Features

div.refer {background-color:#d3dde6; box-sizing: border-box;margin:2em 0;padding:1em;width:75%;height:auto;} div.refer img {margin:0 20px 0 0;float:left;} div.refer ul {list-style-position:inside;}

This story is part of the series:

In which the “package” comes in the form of a human caregiver.
For students as well as their supervisors, internships can be powerful learning experiences that help prepare students for careers that matter.
The lasting impact of a student-powered environmental advocacy group
Global seminar merges best aspects of Grinnell curriculum to examine issue of tolerance

In 2019–20, we are excited to gather alumni and friends together for a series of events around the globe, so we can connect and reconnect, discuss, celebrate, and share ideas for empowering Grinnellians.

Clair "Pat" Patterson ’43 was a scientist's scientist. He cared about basic research, knowledge for the sake of knowledge. Although he may be best known for being the first to accurately date the Earth, his discoveries about how lead was polluting air and water and poisoning plants, animals, and human beings defined his career.
In the basement of Burling Library, in the perfectly chilled Print and Drawing Study Room, on an even chillier February afternoon in Grinnell, students eagerly crowded around Jiayun Chen ’19 and Susan Wood, professor of art history at Oakland University. Their attention remained fixed upon a small marble head, resting on a soft white pillow. Chen had examined the portrait before, but this time, she found something new.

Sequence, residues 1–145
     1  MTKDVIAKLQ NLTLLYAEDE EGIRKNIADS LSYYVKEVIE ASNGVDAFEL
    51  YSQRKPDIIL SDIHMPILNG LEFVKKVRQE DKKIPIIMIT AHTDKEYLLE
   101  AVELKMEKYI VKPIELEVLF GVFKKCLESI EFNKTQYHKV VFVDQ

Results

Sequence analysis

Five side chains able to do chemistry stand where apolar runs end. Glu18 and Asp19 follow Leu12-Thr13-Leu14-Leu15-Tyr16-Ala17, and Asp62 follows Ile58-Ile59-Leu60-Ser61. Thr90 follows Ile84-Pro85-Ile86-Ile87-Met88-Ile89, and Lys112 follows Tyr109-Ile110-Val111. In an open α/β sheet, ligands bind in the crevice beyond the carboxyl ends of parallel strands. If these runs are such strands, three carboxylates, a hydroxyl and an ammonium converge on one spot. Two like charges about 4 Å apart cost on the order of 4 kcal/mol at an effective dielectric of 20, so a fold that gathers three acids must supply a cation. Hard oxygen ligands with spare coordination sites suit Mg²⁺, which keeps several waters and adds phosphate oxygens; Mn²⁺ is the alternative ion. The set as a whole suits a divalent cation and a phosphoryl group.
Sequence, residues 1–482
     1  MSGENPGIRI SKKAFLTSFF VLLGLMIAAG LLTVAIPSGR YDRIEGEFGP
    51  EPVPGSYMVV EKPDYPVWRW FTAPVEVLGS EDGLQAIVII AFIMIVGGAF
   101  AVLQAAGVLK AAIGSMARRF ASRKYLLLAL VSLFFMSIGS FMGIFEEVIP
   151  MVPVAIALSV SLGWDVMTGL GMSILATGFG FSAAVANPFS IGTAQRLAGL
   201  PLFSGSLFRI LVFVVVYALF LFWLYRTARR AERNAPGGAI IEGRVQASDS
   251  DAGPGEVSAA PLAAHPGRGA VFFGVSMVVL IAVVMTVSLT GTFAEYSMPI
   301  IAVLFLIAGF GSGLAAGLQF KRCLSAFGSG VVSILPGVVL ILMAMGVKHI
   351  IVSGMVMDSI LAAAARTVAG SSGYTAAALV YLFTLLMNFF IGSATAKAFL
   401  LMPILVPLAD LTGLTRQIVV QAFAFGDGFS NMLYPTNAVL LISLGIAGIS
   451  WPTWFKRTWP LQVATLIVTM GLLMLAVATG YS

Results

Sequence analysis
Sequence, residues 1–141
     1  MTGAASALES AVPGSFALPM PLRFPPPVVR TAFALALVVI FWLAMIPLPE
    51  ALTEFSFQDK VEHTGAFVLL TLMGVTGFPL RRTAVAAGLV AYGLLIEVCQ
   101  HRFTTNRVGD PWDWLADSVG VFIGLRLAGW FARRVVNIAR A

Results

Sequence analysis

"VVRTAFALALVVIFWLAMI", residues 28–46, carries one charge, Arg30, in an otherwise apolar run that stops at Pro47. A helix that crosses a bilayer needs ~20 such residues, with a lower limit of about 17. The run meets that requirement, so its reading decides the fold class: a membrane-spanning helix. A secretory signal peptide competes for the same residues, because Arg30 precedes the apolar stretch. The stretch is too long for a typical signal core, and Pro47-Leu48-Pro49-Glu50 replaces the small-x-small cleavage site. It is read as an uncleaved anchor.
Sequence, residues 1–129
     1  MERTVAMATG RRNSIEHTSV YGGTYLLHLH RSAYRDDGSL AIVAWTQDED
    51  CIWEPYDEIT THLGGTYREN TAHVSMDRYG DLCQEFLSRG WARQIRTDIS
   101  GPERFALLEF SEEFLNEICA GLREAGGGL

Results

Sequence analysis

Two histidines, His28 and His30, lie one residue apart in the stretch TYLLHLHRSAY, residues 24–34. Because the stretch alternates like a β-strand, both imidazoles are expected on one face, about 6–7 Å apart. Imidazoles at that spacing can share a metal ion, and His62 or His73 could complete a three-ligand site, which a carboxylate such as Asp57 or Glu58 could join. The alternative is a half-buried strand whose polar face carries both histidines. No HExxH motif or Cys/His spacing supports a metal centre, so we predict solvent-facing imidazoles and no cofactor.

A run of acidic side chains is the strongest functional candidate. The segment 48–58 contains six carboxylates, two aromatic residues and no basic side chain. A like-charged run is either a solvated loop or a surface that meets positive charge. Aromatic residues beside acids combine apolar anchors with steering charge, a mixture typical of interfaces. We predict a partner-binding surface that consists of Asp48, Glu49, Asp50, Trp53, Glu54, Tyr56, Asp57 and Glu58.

For students whose parents didn’t complete a four-year college degree, getting into Grinnell is just the first hurdle. Figuring out how to survive, much less thrive, is a whole series of hurdles. And it’s less a sprint over a brightly lit track than a marathon through a dark tunnel with blind curves, switchbacks, and alarming obstacles.
When she was an expectant mom, Monique Hagan knew the risks that she faced: African-American women are twice as likely to experience pregnancies that result in early delivery, low birth weight, or even infant death, according to National Vital Statistics.
In his previous life as a professor of Russian history, Marshall Poe ’84 enjoyed reading as many scholarly works as he had time and inclination to digest.
  1. You’ll need a computer with a broadband Internet connection, a decent microphone, a set of earphones, and a reasonably quiet place to record.